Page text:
A common question that I’ve been getting lately is about the type of doctor that can write a prescription or doctor’s note for a service dog. People aren’t sure who to ask for their prescription, though they really would like to get started on their journey with a service dog.
What type of Doctors can write Prescriptions for Service Dogs?
The answer to this is fairly simple. Any doctor that is treating your disability, that is legally licensed, can write you a doctor’s note for a service dog. Let’s go over what that means for different types of disabilities:
Anxiety, Depression, PTSD, OCD and other mental illnesses: This might be a family doctor, psychiatrist, psychologist, therapist, licensed clinical social worker (LCSW), licensed professional counselor (LPC), mental health counselor, certified alcohol and drug abuse counselor, nurse psychotherapist, vocational case manager or a marital and family therapist.
Seizures, mobility problems, MS, diabetes and other physical illnesses: This might be a family doctor, physical therapist, neurologist, endocrinologist, opthalmologist or other specialists, as well as the doctors listed for mental illnesses.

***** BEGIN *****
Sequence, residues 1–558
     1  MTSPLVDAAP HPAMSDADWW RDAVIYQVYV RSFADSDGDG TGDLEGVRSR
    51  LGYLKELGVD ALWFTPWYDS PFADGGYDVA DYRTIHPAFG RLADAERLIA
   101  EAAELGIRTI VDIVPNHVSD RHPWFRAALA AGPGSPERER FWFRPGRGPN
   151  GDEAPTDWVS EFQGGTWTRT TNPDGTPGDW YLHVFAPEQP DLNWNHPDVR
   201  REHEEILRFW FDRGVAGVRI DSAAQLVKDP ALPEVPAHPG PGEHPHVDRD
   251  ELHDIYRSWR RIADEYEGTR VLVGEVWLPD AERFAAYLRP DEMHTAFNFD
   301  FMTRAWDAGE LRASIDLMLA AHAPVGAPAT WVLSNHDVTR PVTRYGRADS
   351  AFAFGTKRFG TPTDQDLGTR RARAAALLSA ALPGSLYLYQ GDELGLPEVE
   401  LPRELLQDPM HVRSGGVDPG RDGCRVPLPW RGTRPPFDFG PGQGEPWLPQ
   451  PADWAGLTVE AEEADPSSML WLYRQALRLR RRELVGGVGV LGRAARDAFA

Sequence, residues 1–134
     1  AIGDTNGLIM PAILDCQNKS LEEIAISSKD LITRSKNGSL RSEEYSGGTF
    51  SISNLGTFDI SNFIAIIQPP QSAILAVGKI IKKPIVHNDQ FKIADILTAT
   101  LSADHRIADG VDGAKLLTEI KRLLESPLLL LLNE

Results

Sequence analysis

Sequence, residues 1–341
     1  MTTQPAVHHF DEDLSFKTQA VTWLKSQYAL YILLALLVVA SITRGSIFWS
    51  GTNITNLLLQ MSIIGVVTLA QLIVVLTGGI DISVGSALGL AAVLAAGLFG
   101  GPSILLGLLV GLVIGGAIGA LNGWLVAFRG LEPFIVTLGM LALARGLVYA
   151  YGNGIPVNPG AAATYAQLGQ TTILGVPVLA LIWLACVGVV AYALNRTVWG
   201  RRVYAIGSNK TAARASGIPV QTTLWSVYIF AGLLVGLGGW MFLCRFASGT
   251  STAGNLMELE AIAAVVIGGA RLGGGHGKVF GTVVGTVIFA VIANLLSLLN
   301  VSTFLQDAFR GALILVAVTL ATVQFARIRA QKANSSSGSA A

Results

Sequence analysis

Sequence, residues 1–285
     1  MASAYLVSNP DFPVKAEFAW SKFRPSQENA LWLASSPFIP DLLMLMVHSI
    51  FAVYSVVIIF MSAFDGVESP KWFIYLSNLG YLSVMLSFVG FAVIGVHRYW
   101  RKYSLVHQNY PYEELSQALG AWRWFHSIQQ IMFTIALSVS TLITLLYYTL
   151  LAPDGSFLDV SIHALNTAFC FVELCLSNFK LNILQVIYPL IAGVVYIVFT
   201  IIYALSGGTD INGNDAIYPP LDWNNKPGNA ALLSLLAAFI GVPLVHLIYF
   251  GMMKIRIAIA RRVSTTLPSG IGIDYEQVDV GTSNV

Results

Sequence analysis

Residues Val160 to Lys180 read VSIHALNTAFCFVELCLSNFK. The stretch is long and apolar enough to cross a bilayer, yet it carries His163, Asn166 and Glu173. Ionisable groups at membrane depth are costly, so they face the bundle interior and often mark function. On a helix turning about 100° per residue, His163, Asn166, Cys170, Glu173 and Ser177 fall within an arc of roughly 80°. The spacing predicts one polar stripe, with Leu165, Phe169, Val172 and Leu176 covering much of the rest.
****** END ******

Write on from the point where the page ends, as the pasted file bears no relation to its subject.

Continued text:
What Should the Prescription Say?
Your doctor’s note needs to be specific to be accepted by landlords and airlines.
It will need to be on your doctor’s “letterhead”. This means it needs to give your doctor’s information.
The letterhead should have:
- The doctor’s name with any “attachments” (for example, Dr. John Smith, M.D. or Sarah Smith, LCSW)
- Their address
- Their phone number
The letter body should have:
- A date within the last year (Airlines require that it be dated within the last year)
- A statement that you have a physical or mental disability.
- That having the dog with you is necessary to your mental or physical health, or your treatment, or to assist you with your disability.
- That you are under the care of the person writing the note and that the person writing the note is a licensed medical professional. (This includes the doctor’s licensing information: the date it was issued, what state/jurisdiction it was given in and what license it is.)
Pretty simple! Get a doctor’s note for a service dog next time you go in for a well check and you should be all set.